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Supporting Refugees in the Borough ‘Very Challenging’ Says Council

Published on: 9 Nov, 2022
Updated on: 10 Nov, 2022

Then home secretary Priti Patel talking to arriving Afghan refugees in 2021. Image BBC

By Emily Coady-Stemp

local democracy reporter

Volunteers in Guildford have been stepping up to get food and baby milk from supermarkets as the council helps out in a “very challenging” situation supporting refugees in the borough.

A hotel in the east of Guildford has been set up to house people from all over the world at various stages of the asylum application process, but council staff have spoken about the tensions surrounding it.

A meeting of Guildford Borough Council’s overview and scrutiny committee discussed the authority’s support being offered under various schemes set up to help those from Syria, Afghanistan, Ukraine and more.

A Home Office-led scheme has seen the hotel set up as bridging accommodation, being run by ClearSprings Ready Homes via a subcontractor, with a management team in place at the hotel to support the aslum applicants.

But the borough council’s executive head of community services, Sam Hutchinson, highlighted that despite the authority not being responsible for the running of the hotel, once issues there had come to light, there was a responsibility on the council to put things right.

She told the meeting: “The council can’t do anything about it other than support to make it as good as it can be.

“We stepped in to help volunteer coordination which again, brought a lot of tension because the volunteers were asked to do things that were beyond their remit.”

Ms Hutchinson said people were arriving but there was no food or baby milk available, with volunteers going to supermarkets to buy it.

Earlier tensions around the running of the operation had now been replaced by tensions between the refugeess, she explained, regarding some progressing through the asylum-seeking process quicker than others.

Guildford MP Angela Richardson’s contibution to the Parliamentary debate on Asylum Seekers’Accommodation and Safeguarding on November 7

Weekly clinics took place to check on residents, and meeting documents showed local volunteer networks had been “crucial” in helping provide clothing and toiletries, registering children for schooling and language classes.

Ms Hutchinson said that as around any hotel there had been some complaints about noise and rubbish, and added: “The parish council has been absolutely excellent.

“They’ve done a piece in the local newsletter to support it so it’s starting to see its way through and the local residents have been very supportive.”

With many applicants at the hotel, and other refugees in the borough, having experienced “significant trauma” councillors asked about the provision for mental health support.

The borough welcomed eight Syrian families between 2016 and 2018, found homes for two families in Ministry of Defence properties in Pirbright under the Afghanistan Relocation and Assistance Programme, has seen 570 people arriving to date under the Homes For Ukraine Scheme and, reportedly, 1,000 resettle from Hong Kong.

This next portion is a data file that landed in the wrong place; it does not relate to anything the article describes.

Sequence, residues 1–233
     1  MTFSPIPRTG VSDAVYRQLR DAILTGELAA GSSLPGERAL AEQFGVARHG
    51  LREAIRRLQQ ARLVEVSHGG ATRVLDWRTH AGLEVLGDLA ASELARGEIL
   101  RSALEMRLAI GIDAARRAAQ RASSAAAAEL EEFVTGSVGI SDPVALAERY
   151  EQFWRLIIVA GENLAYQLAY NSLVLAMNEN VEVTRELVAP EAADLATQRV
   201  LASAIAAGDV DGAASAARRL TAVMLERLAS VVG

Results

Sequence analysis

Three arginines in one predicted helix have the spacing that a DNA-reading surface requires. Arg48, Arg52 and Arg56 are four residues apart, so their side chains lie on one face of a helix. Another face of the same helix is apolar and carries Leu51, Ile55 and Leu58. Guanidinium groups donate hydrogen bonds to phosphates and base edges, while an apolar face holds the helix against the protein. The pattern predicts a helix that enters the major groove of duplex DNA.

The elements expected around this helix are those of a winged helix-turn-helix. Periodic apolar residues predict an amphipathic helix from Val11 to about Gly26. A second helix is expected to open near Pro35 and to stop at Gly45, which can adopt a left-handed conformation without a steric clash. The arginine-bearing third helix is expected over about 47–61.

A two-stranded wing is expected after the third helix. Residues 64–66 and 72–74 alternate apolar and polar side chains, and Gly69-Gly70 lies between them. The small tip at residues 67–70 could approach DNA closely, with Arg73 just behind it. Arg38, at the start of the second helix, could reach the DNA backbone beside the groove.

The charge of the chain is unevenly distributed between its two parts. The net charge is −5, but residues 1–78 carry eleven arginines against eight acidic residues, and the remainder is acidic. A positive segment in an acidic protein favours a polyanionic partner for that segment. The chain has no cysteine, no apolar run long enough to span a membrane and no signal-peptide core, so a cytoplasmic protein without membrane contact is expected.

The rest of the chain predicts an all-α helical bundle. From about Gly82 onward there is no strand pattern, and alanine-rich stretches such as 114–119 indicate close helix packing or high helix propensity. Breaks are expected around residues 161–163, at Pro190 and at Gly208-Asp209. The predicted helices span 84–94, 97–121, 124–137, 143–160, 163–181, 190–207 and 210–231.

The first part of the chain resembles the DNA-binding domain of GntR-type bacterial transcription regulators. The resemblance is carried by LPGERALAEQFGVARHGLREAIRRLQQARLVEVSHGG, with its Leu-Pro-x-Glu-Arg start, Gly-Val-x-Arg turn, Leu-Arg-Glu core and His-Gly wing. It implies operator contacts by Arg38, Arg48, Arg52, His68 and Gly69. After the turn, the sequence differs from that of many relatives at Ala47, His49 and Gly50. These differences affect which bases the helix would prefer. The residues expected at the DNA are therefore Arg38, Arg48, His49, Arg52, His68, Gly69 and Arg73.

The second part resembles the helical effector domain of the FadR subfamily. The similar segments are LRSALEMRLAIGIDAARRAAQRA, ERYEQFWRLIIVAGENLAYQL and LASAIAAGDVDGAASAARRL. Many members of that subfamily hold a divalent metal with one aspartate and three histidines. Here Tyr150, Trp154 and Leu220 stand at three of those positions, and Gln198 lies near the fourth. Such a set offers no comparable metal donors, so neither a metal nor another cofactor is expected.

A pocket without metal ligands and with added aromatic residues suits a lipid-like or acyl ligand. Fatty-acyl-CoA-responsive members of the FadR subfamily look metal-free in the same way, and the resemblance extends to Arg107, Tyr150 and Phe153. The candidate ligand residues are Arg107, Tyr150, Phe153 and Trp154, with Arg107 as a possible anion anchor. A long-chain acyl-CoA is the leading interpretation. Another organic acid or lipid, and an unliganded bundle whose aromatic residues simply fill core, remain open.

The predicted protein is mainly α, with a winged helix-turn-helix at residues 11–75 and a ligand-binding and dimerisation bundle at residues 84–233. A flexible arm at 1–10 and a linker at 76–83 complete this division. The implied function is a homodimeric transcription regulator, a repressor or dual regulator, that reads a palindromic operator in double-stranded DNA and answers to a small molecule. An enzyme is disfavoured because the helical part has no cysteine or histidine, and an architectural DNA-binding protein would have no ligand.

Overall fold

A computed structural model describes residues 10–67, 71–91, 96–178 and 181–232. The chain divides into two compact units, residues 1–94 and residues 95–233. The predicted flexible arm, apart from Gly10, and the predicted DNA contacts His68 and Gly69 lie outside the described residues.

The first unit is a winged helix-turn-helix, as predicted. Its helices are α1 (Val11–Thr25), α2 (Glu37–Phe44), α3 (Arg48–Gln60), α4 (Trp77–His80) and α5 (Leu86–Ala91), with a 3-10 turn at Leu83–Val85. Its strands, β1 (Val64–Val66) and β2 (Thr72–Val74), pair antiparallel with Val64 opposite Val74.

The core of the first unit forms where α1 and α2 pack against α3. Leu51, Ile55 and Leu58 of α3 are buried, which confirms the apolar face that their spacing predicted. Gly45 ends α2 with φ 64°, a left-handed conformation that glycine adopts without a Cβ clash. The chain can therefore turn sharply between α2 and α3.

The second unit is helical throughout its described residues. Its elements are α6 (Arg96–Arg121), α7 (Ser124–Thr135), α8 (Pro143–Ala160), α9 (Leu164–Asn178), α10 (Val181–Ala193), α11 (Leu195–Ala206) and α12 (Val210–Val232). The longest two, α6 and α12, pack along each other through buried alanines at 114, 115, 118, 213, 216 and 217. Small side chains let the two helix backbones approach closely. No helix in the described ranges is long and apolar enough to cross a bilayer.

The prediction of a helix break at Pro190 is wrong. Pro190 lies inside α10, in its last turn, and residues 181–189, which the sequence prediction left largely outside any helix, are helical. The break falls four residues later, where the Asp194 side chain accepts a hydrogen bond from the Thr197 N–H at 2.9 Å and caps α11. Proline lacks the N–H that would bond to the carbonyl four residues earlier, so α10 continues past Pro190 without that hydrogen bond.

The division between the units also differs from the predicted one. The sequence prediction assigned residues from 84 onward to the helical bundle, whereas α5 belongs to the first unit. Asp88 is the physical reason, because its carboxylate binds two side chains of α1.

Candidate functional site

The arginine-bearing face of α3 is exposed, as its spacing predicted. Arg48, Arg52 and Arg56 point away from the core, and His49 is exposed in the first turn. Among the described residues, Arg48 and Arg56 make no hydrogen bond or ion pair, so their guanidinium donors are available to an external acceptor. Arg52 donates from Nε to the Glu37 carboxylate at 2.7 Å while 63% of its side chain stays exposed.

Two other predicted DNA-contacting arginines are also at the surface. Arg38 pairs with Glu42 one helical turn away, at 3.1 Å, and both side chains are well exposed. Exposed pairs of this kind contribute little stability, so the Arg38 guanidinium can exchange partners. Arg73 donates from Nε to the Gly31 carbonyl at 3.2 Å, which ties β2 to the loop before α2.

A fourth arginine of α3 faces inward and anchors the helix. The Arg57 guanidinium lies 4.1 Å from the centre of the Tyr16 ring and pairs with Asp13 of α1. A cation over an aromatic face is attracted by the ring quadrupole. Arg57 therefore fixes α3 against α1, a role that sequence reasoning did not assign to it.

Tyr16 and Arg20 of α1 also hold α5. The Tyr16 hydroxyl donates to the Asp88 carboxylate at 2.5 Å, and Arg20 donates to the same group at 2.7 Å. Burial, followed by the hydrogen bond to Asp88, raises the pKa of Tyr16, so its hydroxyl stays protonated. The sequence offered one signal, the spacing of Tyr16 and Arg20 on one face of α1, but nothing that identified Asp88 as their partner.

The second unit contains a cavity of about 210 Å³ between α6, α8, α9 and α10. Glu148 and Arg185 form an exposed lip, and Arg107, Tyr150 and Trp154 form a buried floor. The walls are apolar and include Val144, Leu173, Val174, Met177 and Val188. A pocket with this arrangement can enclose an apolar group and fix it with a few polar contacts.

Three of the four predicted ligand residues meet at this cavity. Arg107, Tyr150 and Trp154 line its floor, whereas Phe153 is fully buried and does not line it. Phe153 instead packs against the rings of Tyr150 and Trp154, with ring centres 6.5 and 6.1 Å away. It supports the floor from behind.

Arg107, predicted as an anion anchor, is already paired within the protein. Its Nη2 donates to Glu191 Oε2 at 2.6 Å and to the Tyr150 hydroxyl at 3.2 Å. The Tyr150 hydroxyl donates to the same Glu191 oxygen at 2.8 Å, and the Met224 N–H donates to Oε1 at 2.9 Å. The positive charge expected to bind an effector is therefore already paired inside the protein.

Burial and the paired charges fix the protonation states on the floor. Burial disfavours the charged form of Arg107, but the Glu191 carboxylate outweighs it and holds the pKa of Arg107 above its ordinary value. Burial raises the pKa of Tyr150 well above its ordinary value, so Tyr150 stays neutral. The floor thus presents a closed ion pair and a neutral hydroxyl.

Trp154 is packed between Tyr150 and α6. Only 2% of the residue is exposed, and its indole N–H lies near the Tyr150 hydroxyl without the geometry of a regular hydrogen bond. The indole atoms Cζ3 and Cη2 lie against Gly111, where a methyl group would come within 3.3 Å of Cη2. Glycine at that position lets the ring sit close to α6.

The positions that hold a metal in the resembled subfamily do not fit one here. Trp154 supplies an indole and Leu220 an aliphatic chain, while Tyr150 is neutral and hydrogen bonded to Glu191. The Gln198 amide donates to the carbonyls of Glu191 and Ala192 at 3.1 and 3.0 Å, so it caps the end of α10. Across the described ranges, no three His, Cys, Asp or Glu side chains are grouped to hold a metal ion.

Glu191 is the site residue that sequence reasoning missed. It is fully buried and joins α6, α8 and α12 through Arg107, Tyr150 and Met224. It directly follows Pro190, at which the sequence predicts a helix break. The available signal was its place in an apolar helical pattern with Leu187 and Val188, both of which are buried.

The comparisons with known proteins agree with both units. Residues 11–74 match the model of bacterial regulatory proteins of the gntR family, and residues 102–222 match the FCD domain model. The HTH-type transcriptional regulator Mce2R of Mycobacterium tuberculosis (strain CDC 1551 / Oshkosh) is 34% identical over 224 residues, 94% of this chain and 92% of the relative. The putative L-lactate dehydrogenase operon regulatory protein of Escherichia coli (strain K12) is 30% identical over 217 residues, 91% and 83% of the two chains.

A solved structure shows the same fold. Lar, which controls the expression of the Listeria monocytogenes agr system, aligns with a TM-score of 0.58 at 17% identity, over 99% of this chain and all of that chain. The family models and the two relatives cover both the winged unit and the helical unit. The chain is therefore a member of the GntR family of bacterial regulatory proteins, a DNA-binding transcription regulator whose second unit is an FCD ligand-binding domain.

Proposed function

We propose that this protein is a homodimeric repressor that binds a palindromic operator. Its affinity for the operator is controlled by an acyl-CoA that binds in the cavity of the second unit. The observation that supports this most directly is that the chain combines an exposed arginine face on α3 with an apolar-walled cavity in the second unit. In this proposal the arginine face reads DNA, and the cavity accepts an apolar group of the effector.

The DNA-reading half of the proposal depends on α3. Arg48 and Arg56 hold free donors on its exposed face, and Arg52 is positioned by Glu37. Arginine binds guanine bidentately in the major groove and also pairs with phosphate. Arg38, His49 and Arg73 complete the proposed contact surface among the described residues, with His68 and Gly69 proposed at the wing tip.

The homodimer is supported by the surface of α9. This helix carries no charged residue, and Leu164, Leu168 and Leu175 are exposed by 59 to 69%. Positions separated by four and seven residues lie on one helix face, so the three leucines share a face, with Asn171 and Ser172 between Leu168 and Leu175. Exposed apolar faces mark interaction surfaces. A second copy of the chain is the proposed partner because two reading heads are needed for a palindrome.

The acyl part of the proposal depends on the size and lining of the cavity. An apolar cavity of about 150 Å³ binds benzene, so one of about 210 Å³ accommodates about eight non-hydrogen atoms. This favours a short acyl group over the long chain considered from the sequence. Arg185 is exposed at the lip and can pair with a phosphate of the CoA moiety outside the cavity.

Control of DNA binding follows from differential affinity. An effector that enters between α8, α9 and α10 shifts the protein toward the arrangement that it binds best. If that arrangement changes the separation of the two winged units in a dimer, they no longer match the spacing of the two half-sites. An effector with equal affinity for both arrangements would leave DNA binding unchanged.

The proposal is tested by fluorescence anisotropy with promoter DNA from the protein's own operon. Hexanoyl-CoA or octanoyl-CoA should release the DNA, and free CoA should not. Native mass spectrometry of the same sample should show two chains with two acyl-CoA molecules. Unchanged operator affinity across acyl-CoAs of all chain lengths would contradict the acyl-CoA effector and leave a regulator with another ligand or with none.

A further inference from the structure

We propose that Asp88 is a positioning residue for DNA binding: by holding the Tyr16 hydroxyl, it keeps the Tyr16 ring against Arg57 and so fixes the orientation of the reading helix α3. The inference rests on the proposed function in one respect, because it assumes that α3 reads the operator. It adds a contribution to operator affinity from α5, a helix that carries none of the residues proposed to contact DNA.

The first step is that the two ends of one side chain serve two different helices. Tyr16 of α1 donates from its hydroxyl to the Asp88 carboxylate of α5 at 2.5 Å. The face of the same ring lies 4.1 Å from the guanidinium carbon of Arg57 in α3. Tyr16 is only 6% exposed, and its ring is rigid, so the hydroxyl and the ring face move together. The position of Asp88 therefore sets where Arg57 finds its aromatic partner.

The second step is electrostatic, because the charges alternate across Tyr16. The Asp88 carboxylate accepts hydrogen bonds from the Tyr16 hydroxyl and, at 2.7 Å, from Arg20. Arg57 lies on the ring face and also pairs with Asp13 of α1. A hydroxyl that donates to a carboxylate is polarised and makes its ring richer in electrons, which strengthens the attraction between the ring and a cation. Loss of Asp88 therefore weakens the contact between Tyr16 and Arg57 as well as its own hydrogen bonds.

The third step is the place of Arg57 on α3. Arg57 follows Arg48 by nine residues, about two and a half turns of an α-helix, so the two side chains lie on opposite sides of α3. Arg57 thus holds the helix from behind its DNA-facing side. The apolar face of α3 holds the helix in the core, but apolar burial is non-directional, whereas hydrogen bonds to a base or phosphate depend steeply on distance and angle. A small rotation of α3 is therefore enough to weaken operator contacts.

Meeting documents said: “The Homes for Ukraine scheme is a serious challenge for the council.

“There have been significant difficulties in ensuring guests can access school places, doctors and dentists.

“Most pressing however is the lack of suitable and affordable housing provision once the six-month arrangement of host and guest ends.”

There has also been a “significant impact” on the mental health of both hosts and Ukrainians which officers said “cannot be underestimated”.

Of the pressure on mental health services, Ms Hutchinson said it was “extremely challenging” and important to note that those at the borough council were not mental health professionals but needed to make the correct referrals.

She said mental health support was seeing a “huge backlog” across all communities, and not just among refugees and asylum seekers.

Ms Hutchinson added: “I think it would be fair to say that the infrastructure of our support services are at breaking point and this is a concern for all councils, in terms of all issues around refugee schemes and immigration generally and asylum dispersal.

“We do the best that we can.”

Cllr Angela Goodwin

Cllr Angela Goodwin (Lib Dem, Friary & St Nicolas) questioned, given concerns raised about the availability of accommodation in the area, if under-occupied student properties in the town could be used to provide support in the short term.

The meeting heard that there would be more work to be done on finding vacant properties, including student accommodation, with extra resources being allocated to help people find a home.

Cllr Julia McShane

Council Leader Julia McShane (Lib Dem, Westborough) introduced the officers’ report to the meeting, also sharing some of the positive stories to come from families that had been supported in the borough.

She said: “It is a very challenging area of work and the teams involved are extremely dedicated and often face some very difficult situations, with the people who are displaced traumatised and in need of significant support.”

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